Comments on proposed Title IX changes to open again

JAYCE CARRAL, Evergreen reporter

WSU’s Office of Equal Opportunity (OEO) is re-opening its online submission forms to accept additional responses from students and groups on campus for the proposed changes to Title IX.

Kimberly Anderson, executive director of compliance and OEO, said Title IX is a federal law prohibiting sex-based discrimination in educational programs.

She said the proposed changes include redefining sexual harassment, how universities respond to complaints of sexual violence, and the type of behavior universities address.

Title IX currently prohibits unwanted sexual conduct and gender-based harassment, Anderson said.

She said the Department of Education for Civil Rights enforced the legality of Title IX by issuing the “Dear Colleague” letter in 2011. The letter provides universities with a set of guidelines addressing sexual violence complaints.

Anderson said the letter failed to provide a firm definition of sexual harassment.

The Violence Against Women Act of 1994 often overlapped with Title IX, she said. The act financed investigations on violent crimes committed against women. The act is expected to expire this month due to a lack of federal funding.

Anderson said WSU falls within national statistics of sexual assault. Roughly one in five women and one in 16 men will experience attempted or completed sexual assault while in college, she said.

The number of reported sexual assault cases is lower than the number experienced, and the number of investigations on sexual assault are lower than the amount reported, Anderson said.

She said the OEO received information of 335 incidents related to sex or gender in 2017. The information was gathered from third-hand reports and direct reports. OEO conducted roughly 50 investigations on the incidents, though not all the investigations conducted were based on sexual violence complaints.

Anderson said sexual harassment can be reported through OEO’s online form or during an in-person appointment. Anonymous reports are also accepted.

Those who report an incident of sexual harassment are directed toward resources available on campus.

“If they decide they want an investigation, and they want to share their story, we would craft a notification letter that would go through the alleged perpetrator,” Anderson said. “An investigator would review all information and both parties will have the opportunity to provide witnesses and share evidence.”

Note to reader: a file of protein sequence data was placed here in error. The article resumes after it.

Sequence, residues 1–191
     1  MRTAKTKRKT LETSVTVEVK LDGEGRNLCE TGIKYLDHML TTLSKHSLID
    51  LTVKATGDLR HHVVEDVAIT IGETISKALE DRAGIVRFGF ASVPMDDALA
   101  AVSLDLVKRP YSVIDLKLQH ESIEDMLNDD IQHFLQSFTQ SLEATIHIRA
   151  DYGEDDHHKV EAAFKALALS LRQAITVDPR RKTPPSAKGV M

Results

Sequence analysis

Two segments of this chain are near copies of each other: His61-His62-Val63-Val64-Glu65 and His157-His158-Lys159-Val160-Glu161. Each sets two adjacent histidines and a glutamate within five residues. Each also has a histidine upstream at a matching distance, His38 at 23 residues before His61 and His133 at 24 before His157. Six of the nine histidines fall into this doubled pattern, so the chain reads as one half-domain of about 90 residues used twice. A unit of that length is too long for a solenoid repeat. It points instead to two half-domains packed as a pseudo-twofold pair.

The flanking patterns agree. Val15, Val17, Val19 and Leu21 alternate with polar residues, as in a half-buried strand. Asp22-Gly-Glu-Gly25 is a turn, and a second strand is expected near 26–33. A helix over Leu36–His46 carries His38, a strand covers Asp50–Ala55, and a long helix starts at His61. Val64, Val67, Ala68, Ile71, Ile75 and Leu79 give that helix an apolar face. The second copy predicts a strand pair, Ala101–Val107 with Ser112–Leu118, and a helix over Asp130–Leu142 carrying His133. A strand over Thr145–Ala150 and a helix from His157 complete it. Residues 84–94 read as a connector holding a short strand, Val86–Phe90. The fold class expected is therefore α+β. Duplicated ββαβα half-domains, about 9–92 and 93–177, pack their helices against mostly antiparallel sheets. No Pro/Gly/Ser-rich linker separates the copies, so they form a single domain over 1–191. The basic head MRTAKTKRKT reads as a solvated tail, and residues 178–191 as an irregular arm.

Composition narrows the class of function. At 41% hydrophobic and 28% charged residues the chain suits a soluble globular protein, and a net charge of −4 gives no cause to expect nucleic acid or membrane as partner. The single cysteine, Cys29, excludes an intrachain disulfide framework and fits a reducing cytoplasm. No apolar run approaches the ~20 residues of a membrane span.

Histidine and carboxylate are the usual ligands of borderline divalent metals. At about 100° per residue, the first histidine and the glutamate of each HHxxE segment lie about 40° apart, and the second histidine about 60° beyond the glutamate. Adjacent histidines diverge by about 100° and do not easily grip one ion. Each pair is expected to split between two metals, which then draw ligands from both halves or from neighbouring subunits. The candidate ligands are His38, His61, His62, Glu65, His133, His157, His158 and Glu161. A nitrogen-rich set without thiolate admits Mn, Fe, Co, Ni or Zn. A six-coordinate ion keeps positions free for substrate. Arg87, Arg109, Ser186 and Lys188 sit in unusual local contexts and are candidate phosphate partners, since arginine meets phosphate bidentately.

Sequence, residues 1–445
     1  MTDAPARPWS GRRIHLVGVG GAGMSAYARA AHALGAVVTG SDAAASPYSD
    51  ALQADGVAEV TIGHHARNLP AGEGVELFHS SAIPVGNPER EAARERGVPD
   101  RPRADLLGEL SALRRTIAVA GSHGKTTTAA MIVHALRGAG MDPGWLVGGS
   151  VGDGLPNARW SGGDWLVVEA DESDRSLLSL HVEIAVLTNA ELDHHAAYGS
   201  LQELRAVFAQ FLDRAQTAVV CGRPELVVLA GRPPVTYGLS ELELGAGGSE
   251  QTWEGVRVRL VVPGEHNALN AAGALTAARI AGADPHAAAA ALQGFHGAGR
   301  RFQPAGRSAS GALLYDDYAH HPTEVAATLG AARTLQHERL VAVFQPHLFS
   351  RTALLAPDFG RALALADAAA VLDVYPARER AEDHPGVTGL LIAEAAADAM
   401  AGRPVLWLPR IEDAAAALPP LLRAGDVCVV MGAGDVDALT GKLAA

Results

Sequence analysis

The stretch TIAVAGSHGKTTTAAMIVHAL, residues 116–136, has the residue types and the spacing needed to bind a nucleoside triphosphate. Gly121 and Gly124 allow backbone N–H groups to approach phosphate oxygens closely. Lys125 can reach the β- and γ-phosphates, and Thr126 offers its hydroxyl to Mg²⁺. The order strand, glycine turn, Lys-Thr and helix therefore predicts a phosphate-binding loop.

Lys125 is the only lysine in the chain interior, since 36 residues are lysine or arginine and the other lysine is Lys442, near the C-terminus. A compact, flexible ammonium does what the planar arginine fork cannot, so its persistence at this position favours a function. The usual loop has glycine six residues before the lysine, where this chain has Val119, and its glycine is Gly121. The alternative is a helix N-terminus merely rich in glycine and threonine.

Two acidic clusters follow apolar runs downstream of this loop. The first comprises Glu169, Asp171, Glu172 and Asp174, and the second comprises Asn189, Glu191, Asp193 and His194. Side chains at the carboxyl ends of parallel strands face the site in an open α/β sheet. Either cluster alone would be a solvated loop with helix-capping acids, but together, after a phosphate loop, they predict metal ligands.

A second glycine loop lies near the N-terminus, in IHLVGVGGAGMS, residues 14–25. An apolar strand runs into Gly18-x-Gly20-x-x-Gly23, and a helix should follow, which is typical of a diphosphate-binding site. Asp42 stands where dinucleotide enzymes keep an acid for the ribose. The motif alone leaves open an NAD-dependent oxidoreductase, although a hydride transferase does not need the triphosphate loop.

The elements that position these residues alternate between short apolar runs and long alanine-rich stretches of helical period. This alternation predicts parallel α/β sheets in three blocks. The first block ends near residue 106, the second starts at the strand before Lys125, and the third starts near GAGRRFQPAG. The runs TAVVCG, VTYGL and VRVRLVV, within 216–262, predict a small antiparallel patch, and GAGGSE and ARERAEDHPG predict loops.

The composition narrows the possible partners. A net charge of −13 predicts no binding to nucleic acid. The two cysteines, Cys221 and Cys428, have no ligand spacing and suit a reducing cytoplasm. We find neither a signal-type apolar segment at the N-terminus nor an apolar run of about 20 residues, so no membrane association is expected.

Afterward, the OEO investigator will produce a document of their findings, she said. The findings may include different sanctions as it is a case-by-case basis.

Anderson said some cases result in a ruling of insufficient evidence.

Few cases reported are proven false, she said.

“It’s a very rare thing that someone would maliciously or falsely report,” Anderson said. “National statistics say less than roughly 2 percent of reports are false or malicious.”

On average, OEO conducts 20 investigations on sexual violence every semester, she said. Those incidents may include stalking or violence committed against an intimate partner. Roughly half of those investigations result in a hearing.

“There [is] some really specific language in the new code of conduct that outlines some of that,” Anderson said. “That was a concern for us, that there was some level of ambiguity to what qualifies as a harm.”

The proposed changes to Title IX would allow cross-examinations to occur during hearings, she said. Another proposed change would allow schools to refuse to conduct an investigation unless proof of the student’s inability to continue their education is presented.

“Part of the language in the proposed rules is that [the incident] would have to, in fact, have had an impact [on a student,]” she said. “That’s my interpretation of it. We were a little concerned that, in theory, we would have to wait until a harm occurred before we could address conduct.”

Anderson said some of the reasons OEO would not investigate an incident is if the victim refused the investigation, if the incident would result in a legal violation, or if the incident cannot be classified as harassment or assault.

“It’s a rare occasion where someone comes forward and they say they want an investigation and we say we can’t investigate,” she said.

The original comment period ended on Jan. 30. Anderson said the Department of Education received 104,000 comments nationwide.

“Our goal is to prevent harm from occurring to the fullest extent possible,” she said. “Regardless of what changes within the rules or their application, WSU really is committed to addressing this, to preventing sexual violence from occurring and also providing a strong response when it does.”

The department is required to review and address all comments, Anderson said. The proposed changes could take years to implement, and the proposals are subject to change during that time.

More information can be found on the OEO website.